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Let Us Honor Slave-Owning Presidents?

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Here it is again, the intersection of Presidents Day and Black History Month. Eight of our early presidents, beginning with George Washington, owned slaves during their tenure in the nation's highest office. The two I am most familiar with, given my career at the historic sites of Monticello and Montpelier, and as the author of the recently published A Slave in the White House (Palgrave Macmillan, $28.00) are Thomas Jefferson and James Madison.

Jefferson and Madison owned over a hundred enslaved people at their Virginia plantations and took several slaves with them to the White House. Running the domestic side of the executive mansion was a private undertaking then, and the third and fourth president each assembled a household staff, headed by a French steward, of about ten: white and free black workers, slaves hired in the capital, as well as slaves from their plantation.

Slavery was not a debate. It was a crime being perpetrated on real people in real time.

Ten-year-old Paul Jennings was one of the home slaves selected by President James Madison for the White House household staff. As a footman Jennings set and served meals, assisted the coachman, and ran messages and other errands. Later he became Madison's personal manservant or valet, and in freedom he authored the first White House memoir.

One enslaved man, John Freeman, served as a White House footman during both Jefferson's and Madison's administrations. Jefferson purchased Freeman in 1804 with the understanding, set by his former master, that he was to be freed in sixteen years. In 1809, the year Madison's first term began, the third president sold Freeman to his successor for $231.81 (calculated to the penny based on Freeman's remaining time as a slave). This is the only recorded instance of the sale of human property between these two presidents, though Jefferson also sold a woman, Thenia Hemings, and her five young daughters, to another of our slave-owning presidents, James Monroe.

It is easy to see the contradiction--some say hypocrisy--in the author of the Declaration of Independence and the father of the Constitution lording over plantations of more than one hundred slaves and presiding over a government devoted to upholding individual rights while being served by enslaved footmen in livery.

Yet we tend to make excuses for the failure of our Founding Fathers to end slavery. They were men of their time, they had to put union first, they did not understand that we are all one biological race. We look back and see slavery less as a political issue, more as a moral offense. The truth is that Madison and Jefferson saw it that way, too.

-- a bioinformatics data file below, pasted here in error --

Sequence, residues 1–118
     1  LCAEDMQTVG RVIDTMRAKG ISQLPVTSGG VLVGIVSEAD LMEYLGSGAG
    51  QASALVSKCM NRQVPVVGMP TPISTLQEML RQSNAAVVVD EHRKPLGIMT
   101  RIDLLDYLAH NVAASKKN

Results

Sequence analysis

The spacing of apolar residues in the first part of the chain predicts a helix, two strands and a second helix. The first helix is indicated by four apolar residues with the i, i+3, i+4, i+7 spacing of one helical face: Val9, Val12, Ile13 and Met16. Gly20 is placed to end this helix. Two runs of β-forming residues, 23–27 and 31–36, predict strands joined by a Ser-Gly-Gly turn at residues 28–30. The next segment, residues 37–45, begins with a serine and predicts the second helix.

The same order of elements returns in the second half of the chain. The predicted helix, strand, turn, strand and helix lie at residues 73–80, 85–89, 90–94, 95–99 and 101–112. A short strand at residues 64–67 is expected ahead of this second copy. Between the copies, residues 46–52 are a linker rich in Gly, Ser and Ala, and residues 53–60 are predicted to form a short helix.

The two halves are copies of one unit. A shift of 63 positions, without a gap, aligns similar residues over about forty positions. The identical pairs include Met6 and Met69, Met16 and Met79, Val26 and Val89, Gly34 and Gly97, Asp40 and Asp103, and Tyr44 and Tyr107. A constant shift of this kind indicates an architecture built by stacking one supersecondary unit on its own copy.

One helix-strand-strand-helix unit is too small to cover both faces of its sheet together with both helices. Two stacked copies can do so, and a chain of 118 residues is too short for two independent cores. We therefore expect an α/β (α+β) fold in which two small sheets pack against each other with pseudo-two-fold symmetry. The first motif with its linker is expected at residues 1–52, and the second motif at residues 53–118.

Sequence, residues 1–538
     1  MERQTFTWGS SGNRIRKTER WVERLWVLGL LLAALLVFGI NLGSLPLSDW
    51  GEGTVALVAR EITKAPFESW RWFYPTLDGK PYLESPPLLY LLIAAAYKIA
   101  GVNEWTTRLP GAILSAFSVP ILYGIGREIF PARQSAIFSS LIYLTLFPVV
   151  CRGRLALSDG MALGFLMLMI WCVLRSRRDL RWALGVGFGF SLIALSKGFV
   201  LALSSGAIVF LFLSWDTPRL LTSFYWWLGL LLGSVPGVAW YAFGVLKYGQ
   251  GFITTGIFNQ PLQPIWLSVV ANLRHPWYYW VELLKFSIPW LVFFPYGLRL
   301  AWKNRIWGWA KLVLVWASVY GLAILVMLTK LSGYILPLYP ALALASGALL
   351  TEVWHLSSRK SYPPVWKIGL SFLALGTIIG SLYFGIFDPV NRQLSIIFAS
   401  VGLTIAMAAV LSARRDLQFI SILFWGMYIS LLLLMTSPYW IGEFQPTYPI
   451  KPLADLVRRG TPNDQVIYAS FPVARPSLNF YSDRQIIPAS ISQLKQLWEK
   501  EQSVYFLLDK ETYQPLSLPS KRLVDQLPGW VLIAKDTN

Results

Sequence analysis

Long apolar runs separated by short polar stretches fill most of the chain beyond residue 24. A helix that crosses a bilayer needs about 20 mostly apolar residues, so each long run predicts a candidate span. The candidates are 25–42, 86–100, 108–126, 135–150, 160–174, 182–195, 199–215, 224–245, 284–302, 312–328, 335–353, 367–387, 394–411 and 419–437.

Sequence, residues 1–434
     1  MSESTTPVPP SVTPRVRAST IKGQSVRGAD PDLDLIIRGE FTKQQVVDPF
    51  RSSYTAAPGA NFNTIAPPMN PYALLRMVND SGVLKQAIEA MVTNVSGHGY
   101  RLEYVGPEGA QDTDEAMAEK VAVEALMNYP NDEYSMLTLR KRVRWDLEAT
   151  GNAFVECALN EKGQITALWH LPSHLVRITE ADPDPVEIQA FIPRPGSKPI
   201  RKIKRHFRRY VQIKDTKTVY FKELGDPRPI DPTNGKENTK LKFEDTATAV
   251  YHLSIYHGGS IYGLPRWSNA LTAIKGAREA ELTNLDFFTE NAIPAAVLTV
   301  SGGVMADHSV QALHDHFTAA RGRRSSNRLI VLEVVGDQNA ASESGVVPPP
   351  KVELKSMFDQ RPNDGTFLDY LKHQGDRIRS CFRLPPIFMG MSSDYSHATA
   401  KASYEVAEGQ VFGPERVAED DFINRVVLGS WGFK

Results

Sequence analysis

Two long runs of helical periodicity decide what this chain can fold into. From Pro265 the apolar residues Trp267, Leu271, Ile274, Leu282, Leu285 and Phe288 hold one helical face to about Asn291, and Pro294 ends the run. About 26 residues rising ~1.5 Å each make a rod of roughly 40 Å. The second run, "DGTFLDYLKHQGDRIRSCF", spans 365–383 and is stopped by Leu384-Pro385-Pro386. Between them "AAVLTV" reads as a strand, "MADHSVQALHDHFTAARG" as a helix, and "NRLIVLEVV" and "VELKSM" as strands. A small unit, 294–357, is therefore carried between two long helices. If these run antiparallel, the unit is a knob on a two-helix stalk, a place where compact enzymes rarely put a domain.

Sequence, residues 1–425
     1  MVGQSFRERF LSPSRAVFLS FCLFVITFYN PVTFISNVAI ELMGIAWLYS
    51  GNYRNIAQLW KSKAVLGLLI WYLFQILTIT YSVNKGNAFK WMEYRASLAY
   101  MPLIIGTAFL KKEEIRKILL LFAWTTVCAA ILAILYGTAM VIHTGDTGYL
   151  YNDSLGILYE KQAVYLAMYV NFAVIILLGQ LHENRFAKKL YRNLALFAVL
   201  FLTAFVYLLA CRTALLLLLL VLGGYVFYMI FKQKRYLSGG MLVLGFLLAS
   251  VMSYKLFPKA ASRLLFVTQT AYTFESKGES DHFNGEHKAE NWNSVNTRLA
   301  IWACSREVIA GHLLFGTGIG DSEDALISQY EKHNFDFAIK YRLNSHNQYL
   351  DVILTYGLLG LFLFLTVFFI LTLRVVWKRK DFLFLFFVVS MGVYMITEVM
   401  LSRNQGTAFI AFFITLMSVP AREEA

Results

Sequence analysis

Madison acknowledged that slavery was an evil of great magnitude, a "moral, social and economical" failure. Jefferson called it an "abominable crime" and a "moral depravity" and allowed that should a violent contest between slaves and slave owners transpire, there was no doubt which side God would be on.

Both men supported gradual emancipation if something could be done with the free blacks. It was the concept of colonization, the transport of free blacks to Africa that offered Madison relief from his despair over slavery. Maybe all slaves could be freed, he wrote, if the "double operation"--emancipation followed by colonization--was put in place.

Thus in the end it was not slavery but race--racism--that was the sticking point. Jefferson and Madison thought that people of color should enjoy the same individual rights as white citizens. But not here. They averred that black and white could never live harmoniously in America together.

Two centuries later (centuries!) we are still working on proving them wrong in their prediction, still working on realizing a truly pluralistic society that all Americans honor.

Paul Jennings's great grandson, Dr. C Herbert Marshall, who, along with his fellow black doctors, could not practice in all-white hospitals or even join the American Medical Association, wrote an "op-ed" in the Negro History Bulletin in February of 1960 that started off, " I have every reason to be proud of being an American." It concluded, "Today, we find ourselves on the threshold of a new era ushering in the type of freedom for all for which my fore-parents sacrificed so much."

If Dr. Marshall could offer that positive a sentiment in February 1960, then certainly we in February 2012 can take a sanguine view of the distance we have come since then. If we are not post-racial yet, we are getting there. No matter the sins of the Fathers, it is on us now. A sprint to the finish, anyone? Everyone?